Yellow, red, and greenish autumn leaves with a vaccine syringe and vial posed against a white background; concept is fall vaccines

The fall calendar doesn’t just warn us of impending cold temperatures: It also points toward seasonal upticks in cases of RSV (respiratory syncytial virus), COVID, and influenza. These respiratory viruses were dubbed a “tripledemic” last year. After they collided to overload health care systems across the country, hospitalizations rose in tandem for all three illnesses over the fall and winter months.

Warding off severe cases — which may lead to hospitalization or death — should be top of mind, especially for those who are most vulnerable, a Harvard expert says. And updated versions of all three vaccines are now available to help protect us.

Why do cases of flu, RSV, and COVID typically rise in fall?

“This is typically the time of year we start to see viral infections increase, which has a lot to do with kids going back to school,” says Dr. John Ross, an assistant professor of medicine at Harvard Medical School who is board-certified in infectious diseases.

“Also, we’re starting now to have weather that’s more favorable for viral transmission, particularly lower humidity. Viruses survive better in dry air. And drier air also affects our airways and makes them more vulnerable to being infected.”

Who is eligible for each shot?

Eligibility recommendations vary by age and vulnerability to serious illnesses. Additionally, some shots are designed to help protect specific groups against serious illness.

The CDC recommends these shots for the following groups.




Who is likely to benefit most?

Getting the right vaccines can help people avoid missed work or school days and running the risk of making others sick. And the protection offered by these shots is especially important for certain groups.

For all three viruses, the people most vulnerable to severe illness are similar, Dr. Ross says, including

“Certainly with COVID and flu, pregnancy outcomes are worse with those infections,” Dr. Ross says. “I’m not saying that RSV isn’t a risk for pregnant mothers, but there’s not much data. The reason pregnant women are offered RSV vaccination is so the maternal antibodies they produce protect the newborns, because they’re at very high risk for RSV with very bad outcomes.”

Additionally, an even wider range of people are more prone to complications from the flu, according to the CDC. This includes

What else should you know about flu, COVID, and RSV shots?

Beyond broad guidance determining who’s eligible for each type of vaccine, Dr. Ross offers other useful insight that may guide your choices.

When is the best time to get a flu shot?

The CDC recommends getting a flu shot in September or October, and Dr. Ross agrees. “These are usually the months the flu vaccine becomes available and vaccine clinics are easiest to find,” he says. “My personal approach is just to get the vaccine when it’s available, so you don’t forget.”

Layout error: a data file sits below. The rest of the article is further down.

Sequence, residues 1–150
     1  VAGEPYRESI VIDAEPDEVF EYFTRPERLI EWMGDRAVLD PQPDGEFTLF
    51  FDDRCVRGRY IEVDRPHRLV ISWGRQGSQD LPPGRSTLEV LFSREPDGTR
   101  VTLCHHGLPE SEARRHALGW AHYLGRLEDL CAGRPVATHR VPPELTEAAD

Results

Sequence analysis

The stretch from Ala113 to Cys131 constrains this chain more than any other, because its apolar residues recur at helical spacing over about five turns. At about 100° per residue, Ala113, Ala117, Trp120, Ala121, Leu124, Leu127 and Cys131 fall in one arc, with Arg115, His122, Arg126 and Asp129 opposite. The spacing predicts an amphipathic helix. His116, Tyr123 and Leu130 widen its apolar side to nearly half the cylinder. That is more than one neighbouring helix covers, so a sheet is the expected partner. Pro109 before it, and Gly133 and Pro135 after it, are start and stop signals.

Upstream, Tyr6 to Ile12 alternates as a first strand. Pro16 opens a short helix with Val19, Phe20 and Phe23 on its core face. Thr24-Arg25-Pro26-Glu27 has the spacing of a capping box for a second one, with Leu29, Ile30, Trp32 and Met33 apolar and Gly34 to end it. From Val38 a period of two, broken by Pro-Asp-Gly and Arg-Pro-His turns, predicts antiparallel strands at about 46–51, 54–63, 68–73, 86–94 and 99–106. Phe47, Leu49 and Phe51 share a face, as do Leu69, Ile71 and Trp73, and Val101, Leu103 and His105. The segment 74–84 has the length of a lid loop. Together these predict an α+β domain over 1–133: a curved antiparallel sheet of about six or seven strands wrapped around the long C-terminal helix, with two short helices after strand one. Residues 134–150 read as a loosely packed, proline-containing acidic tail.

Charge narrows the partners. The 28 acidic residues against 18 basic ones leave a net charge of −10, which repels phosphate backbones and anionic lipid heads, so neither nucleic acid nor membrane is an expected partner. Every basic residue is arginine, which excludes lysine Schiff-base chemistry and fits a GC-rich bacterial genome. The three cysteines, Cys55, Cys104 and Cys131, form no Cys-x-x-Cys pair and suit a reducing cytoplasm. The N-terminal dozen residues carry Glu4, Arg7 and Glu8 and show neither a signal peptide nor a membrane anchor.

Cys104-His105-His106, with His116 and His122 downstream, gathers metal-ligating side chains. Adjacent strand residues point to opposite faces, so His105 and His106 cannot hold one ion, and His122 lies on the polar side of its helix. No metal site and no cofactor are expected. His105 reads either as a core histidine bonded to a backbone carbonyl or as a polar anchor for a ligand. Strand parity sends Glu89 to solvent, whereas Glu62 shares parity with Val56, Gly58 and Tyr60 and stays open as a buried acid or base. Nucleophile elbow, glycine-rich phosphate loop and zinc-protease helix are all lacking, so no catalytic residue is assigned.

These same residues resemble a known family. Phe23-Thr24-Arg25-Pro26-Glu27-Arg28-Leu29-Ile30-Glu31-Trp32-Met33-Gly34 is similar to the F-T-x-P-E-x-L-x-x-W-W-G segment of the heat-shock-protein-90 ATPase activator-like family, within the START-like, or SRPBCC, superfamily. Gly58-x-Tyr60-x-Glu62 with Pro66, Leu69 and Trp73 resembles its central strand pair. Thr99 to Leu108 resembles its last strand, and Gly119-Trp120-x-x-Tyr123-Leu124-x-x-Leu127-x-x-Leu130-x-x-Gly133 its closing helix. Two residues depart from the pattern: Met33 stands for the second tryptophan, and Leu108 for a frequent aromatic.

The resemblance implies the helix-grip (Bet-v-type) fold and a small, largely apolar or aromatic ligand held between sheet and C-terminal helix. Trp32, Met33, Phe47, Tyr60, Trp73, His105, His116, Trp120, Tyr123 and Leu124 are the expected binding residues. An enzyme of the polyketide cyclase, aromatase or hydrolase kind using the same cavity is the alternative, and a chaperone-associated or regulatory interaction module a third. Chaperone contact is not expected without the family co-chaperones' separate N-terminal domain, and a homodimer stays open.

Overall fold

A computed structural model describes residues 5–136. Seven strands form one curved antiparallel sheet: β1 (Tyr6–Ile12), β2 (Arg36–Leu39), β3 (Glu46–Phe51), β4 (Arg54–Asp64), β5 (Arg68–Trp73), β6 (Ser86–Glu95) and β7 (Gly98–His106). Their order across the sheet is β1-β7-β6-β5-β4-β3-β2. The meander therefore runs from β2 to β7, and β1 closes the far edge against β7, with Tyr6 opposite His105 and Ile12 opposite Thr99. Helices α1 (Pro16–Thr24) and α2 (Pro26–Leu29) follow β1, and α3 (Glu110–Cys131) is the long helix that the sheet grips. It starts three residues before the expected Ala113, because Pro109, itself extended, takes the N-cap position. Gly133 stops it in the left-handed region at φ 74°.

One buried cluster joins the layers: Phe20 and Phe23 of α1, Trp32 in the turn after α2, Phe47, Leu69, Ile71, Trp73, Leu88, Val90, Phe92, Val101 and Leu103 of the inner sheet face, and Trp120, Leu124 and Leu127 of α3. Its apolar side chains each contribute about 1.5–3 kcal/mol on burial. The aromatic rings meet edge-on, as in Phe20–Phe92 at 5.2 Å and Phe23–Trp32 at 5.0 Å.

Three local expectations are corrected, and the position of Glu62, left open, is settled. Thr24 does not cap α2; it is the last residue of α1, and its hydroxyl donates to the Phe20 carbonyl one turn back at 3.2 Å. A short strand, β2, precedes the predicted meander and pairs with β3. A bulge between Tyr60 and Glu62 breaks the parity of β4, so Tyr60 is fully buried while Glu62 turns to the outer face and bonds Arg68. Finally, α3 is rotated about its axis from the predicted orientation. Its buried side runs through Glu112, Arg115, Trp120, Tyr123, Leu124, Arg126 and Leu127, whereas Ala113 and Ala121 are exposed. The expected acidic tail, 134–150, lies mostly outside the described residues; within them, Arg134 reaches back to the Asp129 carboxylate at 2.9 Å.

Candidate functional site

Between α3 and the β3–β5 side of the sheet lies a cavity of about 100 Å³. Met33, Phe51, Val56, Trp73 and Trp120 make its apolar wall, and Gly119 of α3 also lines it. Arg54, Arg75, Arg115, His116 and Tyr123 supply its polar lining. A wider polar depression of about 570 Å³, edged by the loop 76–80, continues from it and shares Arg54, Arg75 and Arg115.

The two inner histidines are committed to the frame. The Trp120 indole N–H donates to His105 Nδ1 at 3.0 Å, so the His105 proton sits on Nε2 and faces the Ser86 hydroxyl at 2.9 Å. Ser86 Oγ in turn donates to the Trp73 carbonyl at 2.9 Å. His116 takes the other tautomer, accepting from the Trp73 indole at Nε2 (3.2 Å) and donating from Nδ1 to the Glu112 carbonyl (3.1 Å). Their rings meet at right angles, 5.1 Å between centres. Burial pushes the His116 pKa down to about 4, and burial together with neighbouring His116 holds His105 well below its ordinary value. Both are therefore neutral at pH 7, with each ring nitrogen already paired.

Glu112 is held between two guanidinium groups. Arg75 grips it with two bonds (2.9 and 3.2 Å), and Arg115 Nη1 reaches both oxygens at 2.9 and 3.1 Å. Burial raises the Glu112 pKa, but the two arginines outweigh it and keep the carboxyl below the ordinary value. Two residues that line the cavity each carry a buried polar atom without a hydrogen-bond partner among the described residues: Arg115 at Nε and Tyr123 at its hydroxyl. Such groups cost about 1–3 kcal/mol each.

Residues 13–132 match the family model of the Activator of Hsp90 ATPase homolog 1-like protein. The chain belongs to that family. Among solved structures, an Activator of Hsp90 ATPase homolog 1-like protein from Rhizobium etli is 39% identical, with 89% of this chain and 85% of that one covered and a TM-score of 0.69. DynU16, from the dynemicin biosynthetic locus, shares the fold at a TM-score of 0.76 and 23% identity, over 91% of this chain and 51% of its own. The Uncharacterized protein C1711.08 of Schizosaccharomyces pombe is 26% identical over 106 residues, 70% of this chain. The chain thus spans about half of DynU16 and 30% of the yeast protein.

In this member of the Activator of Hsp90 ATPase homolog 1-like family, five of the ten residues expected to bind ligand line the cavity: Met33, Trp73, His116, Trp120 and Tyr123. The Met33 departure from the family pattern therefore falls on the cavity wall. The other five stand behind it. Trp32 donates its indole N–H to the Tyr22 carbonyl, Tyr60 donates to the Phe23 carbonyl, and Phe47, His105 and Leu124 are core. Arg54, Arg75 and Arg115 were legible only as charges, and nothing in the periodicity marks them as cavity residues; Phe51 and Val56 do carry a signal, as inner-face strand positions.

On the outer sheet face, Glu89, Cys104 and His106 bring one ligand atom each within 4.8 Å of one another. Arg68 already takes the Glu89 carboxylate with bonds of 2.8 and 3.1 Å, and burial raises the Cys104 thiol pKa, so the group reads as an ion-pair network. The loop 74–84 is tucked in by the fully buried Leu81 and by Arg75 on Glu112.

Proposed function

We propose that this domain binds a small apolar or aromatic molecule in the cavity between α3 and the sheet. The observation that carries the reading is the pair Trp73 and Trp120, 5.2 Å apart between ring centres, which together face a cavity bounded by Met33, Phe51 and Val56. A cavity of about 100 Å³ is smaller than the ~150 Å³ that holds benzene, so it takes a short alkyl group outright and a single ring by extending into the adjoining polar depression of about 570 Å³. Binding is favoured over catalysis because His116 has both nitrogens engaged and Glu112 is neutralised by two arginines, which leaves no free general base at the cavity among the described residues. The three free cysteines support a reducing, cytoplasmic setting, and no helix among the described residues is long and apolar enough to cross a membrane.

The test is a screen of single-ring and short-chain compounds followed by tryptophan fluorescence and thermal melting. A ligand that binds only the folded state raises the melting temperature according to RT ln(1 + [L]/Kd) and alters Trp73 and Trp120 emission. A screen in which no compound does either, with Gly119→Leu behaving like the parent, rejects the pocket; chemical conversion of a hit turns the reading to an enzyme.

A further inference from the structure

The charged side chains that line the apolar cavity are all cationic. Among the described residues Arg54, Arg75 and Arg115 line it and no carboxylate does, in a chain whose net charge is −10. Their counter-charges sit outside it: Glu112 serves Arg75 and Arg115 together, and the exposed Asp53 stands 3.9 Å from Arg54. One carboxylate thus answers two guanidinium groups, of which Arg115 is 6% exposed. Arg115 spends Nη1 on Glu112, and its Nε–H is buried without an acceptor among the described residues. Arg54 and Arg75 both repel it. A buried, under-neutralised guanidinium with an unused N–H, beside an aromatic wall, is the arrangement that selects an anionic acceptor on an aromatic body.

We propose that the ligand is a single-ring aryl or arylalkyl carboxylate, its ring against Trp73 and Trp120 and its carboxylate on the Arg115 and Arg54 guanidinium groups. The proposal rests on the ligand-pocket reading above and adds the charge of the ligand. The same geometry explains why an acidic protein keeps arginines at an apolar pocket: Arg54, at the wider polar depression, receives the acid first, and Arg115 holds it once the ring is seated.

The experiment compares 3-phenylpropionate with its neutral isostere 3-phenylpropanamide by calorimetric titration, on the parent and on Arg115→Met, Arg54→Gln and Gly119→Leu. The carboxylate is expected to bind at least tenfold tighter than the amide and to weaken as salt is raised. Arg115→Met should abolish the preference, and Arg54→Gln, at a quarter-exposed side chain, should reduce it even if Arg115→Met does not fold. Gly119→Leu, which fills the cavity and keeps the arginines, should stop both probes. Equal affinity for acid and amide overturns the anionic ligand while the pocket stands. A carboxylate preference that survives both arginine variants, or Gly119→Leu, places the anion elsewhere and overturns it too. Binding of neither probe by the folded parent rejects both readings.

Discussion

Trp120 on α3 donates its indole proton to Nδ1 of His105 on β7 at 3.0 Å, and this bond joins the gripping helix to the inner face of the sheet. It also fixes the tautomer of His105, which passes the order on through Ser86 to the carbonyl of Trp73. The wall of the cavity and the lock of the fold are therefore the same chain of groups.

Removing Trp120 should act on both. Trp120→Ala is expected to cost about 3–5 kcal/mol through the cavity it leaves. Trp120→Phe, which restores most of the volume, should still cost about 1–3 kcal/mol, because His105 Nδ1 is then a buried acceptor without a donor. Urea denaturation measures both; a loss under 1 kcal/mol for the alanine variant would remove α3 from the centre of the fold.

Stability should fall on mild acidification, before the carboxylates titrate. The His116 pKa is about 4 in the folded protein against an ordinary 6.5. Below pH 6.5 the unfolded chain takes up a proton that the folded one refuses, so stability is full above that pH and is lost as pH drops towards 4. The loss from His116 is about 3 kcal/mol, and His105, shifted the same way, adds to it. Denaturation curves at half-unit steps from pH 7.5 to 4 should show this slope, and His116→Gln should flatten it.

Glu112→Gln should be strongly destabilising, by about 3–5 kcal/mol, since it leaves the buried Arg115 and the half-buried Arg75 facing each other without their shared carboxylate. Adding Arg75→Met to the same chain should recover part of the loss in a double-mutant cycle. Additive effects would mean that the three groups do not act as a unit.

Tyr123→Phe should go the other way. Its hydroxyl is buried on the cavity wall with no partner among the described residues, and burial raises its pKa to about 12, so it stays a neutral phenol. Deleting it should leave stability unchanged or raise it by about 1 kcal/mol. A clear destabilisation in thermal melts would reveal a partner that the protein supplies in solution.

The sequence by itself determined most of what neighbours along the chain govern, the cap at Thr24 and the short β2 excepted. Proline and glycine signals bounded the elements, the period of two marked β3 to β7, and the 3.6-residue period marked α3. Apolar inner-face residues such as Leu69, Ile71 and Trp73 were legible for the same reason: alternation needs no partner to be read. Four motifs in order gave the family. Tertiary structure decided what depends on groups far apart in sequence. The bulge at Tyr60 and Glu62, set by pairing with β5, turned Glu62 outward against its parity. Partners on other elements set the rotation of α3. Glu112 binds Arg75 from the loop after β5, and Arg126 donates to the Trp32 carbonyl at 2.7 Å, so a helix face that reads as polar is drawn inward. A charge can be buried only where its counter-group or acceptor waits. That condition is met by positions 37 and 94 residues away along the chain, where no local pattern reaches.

Will the updated COVID vaccines protect against newer strains of the virus?

The latest mRNA shots by drugmakers Pfizer and Moderna are monovalent, meaning they protect against one variant — XBB.1.5, the most recent to descend from Omicron earlier in 2023. Though that strain is no longer dominant, the boosters should still guard against closely related subvariants that are now circulating, Dr. Ross says. “People can feel comfortable about their protection regardless,” he says.

What else should I know about RSV shots?

The version meant for infants, Beyfortus, isn’t a vaccine at all. It’s a monoclonal antibody product that directly delivers antibodies that protect babies for the duration of a single fall-winter RSV season. These antibodies can prevent RSV or lessen its severity.

Dr. Ross says adults over 60 considering RSV vaccination should be aware of the potential for two rare but potentially serious side effects of the nervous system: the autoimmune conditions Guillain-Barre syndrome and acute disseminated encephalomyelitis, or ADEM. Guillain-Barre can lead to bodywide paralysis, while ADEM can cause weakness and seizures. The risk of these side effects after RSV vaccination in adults is about one in 7,000 — far higher than occurs after flu vaccination, Dr. Ross notes.

“If you’re a totally healthy 60-year-old, I’m not sure it makes sense to get the RSV vaccine,” he says. “It’s a conversation you should have with your doctor.”

How should I schedule shots if I’m getting several vaccines?

Research suggests that it’s safe to get both flu and COVID vaccines at the same time. Reactions (such as muscle aches, fatigue, and headache) are slightly higher when flu vaccine and an mRNA COVID vaccine are combined, according to one study, though these reactions usually are mild and disappear quickly.

“Because RSV vaccines are newer, I don’t think we know much about combining these shots with other vaccines,” says Dr. Ross. Scheduling this vaccine separately is a good idea, although you should talk to your doctor about potential risks and benefits for your situation.

About the Author

photo of Maureen Salamon

Maureen Salamon, Executive Editor, Harvard Women's Health Watch

Maureen Salamon is executive editor of Harvard Women’s Health Watch. She began her career as a newspaper reporter and later covered health and medicine for a wide variety of websites, magazines, and hospitals. Her work has … See Full Bio View all posts by Maureen Salamon

About the Reviewer

photo of Howard E. LeWine, MD

Howard E. LeWine, MD, Chief Medical Editor, Harvard Health Publishing

Dr. Howard LeWine is a practicing internist at Brigham and Women’s Hospital in Boston, Chief Medical Editor at Harvard Health Publishing, and editor in chief of Harvard Men’s Health Watch. See Full Bio View all posts by Howard E. LeWine, MD

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